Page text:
5 Things That Could Happen to Prince Harry After Releasing Memoir of "Unflinching Honesty"
The memoir “obviously jeopardizes Prince Harry's relationship with his family.”
Prince Harry's memoir Spare has an official launch date of January 10—but what impact will the tell-all have on the Royal Family? Insiders say Harry and Meghan risk permanent exile from the monarchy, and possibly lose the goodwill of the few people who still support them.
"If he is heavily critical of King Charles III, there is a chance that he will be completely excluded from here on out," says royal commentator Kinsey Schofield. Here's what insiders say might happen next.
Insiders believe Harry's memoir will further fracture his already tense relationship with his brother Prince William, especially if the book contains criticism of Kate Middleton, as in the interview with Oprah. "Don't forget that the Duchess of Cambridge is being dragged into this whole saga and William will hate that and of course, relationship between father and son is of course at an all-time low," says royal expert Katie Nicholl. "I think that the idea that Kate's being dragged into this will be upsetting for Kate who behind the scenes has tried really hard to be a peacemaker between William and Harry."
Harry is said to be hurt by Charles' decision not to allow him to appear in military uniform at Queen Elizabeth II's funeral—even if Charles did end up changing his mind. "I think that [reconciliation] might have been the intention, but the king's decision to initially not permit Harry to wear his uniform and during this funeral [and the] fact that, at times, it seemed as if Harry and Meghan were being shoved in the background and even shunned—that did a lot of damage, I think," says royal author Christopher Andersen. "So, I have to wait and see where they go with this."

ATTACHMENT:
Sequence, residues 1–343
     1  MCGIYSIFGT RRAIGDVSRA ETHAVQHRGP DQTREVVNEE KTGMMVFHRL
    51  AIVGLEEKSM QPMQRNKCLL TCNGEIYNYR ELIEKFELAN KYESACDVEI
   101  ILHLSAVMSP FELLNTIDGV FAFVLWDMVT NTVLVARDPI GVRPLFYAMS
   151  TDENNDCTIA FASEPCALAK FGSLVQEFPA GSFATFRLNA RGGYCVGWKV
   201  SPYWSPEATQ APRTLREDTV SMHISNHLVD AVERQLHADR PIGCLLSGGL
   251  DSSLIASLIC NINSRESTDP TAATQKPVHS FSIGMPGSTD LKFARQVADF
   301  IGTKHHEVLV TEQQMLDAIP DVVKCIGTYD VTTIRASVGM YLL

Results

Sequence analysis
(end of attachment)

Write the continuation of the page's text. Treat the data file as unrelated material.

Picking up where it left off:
Insiders say Harry's memoir could cause a permanent rift with the Royal Family, and publication should have been delayed even further. "This is not a book that should have been published, certainly not in the early months of his father King Charles's reign," says royal commentator Richard Fitzwilliams. "When someone refers to themselves as a spare, it is at best cynical and at worst derogatory."
Not everyone thinks Harry's book will cause trouble. "While Harry could certainly make revelations that are damaging and produce days or even weeks of headlines, and tropes that get wheeled out for years to come, I think his book is unlikely to be terminally damaging for either the king or the royal family," says royal expert Valentine Low.
"You only have to look at Tampongate, when Charles was recorded having literally the most embarrassing phone call you could possibly imagine. He survived it, indeed, he married Camilla and she is now queen." "There could only be bombshells in that book," Andersen says. "There's no way to avoid the fact that it's going to rub the king the wrong way."
Publisher Penguin Random House says this memoir is a chance for Henry to finally have his say and set the record straight on many things. "As Diana, Princess of Wales, was laid to rest, billions wondered what the princes must be thinking and feeling and how their lives would play out from that point on," the publishers say.
"For Harry, this is his story at last. With its raw, unflinching honesty, Spare is a landmark publication full of insight, revelation, self-examination, and hard-won wisdom about the eternal power of love over grief."